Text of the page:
That’s why Jump.js is such a valuable plugin. You just drop it in and add the function call to whatever links need smooth scrolling. You’ll be up and running in no time with basically no upkeep whatsoever.
Native HTML select menus work great but they’re not the prettiest elements on the page. But that can all change thanks to Select.js, a free JS plugin made by the HubSpot team.
With this plugin you can customize all select menus with a minimalist design aesthetic. There’s also a live demo if you want to see it in action.
This doesn’t add extra functionality so it’s merely a plugin made for prettifying your page. However it’s lightweight, easy to setup, and even easier to customize with your own CSS theme.
Whenever I’m entering dates into a form I always prefer to use a calendar datepicker. It just saves time and makes the process quicker, but only if the date picker is built well.
After digging through many plugins I eventually found Flatpickr. It’s a free date picker with a simple flat design that blends well with any webpage.
This can work on jQuery but it’s also meant to be a clean vanilla JS plugin. Check out the live demo to see it in action, and if you like how it looks feel free to add it into your next web project.
With ever-expanding browser features Internet users constantly expect more dynamic features on every website. Drag-and-drop is a common behavior in upload forms and while it’s a popular feature it’s also hard to build from scratch.
It works right out of the box with very little customization needed. But you can always expand this library with your own JS code which makes Dropzone more than just a plugin; it’s really a full JS library for drag-and-drop functionality.
It’s expected that most users know CTRL+F(or CMD+F) for in-browser text searches. But with dynamic sorting features you can provide a better user experience with a plugin like Holmes.
This free JS plugin lets you add custom searching onto a page with auto-sorting filters that limit certain page elements. These could be products in a cart, or blog posts, or even photos based on tags.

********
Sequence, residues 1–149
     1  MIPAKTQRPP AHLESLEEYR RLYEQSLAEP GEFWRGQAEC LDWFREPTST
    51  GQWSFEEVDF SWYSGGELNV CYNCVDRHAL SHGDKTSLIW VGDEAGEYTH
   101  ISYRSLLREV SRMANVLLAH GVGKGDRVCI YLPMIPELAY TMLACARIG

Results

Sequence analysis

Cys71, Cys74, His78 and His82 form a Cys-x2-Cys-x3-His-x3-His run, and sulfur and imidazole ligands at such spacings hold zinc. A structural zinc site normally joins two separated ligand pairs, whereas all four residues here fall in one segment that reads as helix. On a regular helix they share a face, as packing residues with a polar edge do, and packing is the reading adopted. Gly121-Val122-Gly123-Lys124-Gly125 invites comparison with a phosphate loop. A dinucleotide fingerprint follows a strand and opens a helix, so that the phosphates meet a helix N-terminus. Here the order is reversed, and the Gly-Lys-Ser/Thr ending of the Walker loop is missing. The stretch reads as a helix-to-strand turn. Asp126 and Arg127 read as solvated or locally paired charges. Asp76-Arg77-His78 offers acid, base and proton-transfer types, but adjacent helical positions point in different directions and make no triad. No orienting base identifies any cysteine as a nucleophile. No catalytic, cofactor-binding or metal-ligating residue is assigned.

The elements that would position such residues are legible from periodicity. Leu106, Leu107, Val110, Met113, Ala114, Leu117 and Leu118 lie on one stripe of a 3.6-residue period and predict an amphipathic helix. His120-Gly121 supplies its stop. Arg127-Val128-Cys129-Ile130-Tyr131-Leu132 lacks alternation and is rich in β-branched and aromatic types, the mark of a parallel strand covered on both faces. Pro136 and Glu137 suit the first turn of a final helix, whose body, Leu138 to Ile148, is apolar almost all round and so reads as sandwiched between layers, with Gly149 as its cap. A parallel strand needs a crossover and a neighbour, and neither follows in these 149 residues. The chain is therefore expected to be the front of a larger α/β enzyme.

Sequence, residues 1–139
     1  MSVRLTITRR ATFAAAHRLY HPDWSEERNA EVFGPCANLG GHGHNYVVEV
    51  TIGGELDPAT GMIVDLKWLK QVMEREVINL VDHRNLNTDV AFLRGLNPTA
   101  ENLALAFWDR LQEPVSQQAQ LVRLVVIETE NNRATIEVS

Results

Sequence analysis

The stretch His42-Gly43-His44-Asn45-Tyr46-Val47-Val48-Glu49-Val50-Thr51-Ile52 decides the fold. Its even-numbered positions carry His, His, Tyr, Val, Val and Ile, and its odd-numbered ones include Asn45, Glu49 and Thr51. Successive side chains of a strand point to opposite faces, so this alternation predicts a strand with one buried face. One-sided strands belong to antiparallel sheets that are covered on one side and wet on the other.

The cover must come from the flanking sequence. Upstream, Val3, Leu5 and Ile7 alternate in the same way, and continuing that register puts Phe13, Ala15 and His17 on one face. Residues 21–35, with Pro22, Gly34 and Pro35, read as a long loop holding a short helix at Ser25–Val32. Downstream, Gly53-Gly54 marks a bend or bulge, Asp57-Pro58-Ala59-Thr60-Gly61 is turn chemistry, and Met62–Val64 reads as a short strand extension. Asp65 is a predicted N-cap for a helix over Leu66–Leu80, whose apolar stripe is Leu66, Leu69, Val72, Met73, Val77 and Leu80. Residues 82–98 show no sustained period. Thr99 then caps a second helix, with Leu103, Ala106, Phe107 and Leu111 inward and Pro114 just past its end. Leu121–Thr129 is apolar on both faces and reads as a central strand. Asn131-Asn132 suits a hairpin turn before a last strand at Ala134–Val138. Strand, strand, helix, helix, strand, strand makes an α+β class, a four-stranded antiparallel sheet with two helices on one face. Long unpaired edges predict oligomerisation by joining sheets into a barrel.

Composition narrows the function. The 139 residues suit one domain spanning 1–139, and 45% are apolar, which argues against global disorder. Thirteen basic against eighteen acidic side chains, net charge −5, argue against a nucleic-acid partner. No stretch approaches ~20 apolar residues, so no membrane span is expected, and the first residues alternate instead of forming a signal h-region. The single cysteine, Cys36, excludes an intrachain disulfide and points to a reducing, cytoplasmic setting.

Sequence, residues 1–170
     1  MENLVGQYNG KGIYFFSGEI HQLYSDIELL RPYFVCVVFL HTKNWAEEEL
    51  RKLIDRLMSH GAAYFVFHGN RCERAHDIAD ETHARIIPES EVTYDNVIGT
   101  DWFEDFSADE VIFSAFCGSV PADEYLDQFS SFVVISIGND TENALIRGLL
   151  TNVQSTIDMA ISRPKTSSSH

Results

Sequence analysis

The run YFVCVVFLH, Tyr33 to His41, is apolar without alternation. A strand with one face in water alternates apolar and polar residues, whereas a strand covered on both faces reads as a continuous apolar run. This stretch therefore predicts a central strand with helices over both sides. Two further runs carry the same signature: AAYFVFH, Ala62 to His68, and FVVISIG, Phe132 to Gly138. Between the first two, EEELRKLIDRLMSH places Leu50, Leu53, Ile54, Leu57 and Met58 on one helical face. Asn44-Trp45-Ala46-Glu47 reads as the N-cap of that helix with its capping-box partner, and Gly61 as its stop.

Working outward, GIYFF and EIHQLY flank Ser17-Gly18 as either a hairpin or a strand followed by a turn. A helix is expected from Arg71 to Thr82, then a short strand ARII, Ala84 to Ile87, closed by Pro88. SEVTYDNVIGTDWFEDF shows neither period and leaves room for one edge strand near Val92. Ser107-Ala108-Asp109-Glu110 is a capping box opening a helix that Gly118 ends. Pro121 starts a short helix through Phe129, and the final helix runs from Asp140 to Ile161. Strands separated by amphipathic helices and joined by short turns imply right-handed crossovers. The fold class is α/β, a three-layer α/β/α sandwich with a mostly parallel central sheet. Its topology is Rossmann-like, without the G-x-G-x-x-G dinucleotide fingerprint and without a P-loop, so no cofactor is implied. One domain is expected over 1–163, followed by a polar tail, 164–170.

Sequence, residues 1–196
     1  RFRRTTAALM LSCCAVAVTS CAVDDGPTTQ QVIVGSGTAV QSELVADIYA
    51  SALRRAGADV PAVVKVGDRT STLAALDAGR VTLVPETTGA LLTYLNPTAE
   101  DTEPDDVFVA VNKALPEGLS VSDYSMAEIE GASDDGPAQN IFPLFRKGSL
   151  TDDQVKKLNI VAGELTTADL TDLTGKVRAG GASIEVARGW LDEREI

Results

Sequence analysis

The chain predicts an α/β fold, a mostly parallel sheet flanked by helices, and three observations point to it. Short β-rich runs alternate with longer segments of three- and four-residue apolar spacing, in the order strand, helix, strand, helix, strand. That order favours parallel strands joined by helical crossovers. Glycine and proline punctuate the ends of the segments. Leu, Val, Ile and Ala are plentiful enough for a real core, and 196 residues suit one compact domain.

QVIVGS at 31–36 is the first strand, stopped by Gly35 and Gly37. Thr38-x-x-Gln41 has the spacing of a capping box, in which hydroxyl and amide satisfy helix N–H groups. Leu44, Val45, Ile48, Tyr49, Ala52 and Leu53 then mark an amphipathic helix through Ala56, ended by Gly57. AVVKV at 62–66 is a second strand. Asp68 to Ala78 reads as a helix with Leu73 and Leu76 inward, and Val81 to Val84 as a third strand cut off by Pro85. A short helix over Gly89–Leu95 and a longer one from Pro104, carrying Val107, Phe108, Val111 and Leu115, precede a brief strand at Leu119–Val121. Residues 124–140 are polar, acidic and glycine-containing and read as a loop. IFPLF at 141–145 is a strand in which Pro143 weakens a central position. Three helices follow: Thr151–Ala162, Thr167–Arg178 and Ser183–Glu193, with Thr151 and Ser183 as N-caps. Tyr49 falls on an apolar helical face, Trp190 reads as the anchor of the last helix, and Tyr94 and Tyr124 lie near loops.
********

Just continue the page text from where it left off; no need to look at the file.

You can sort anything with Holmes as long as it has keywords and search criteria to filter.
This is one of the simplest plugins to add to your site and it’s also a fairly new library. Check out the demo page to learn more and browse the source code if you need a template to copy.
Dynamic form validation saves time for the user and saves server processing power on the backend. But most validation plugins run on a library like jQuery or Zepto.
Thankfully there are pure JS options available and one of the best is Validate.js. This runs in all modern web browsers including IE6 which is incredible for this era. You can customize all the response messages and create pre-defined rules for each form field.
And the plugin automatically halts any form submission until all validations have been completed. I can’t think of any other free plugin that offers as many features with such a simple learning curve.
Lazy loading reduces HTTP requests and improves total page load speed for new visitors. However it’s not always the easiest feature to implement on your website.
But with a plugin like bLazy the process is a whole lot easier. You can lazy load everything from images to slideshows, HTML5 videos, and iframes. The plugin works in IE7+ and all other major browsers.
Setup is pretty easy and on the demo page you can see it in action + copy source code examples for your own website.
But on the web it’s nice to sometimes step away from libraries like jQuery. I hope these plugins can help developers move forward with vanilla JS development, and if you have any other suggestions for plugins feel free to share in the comments.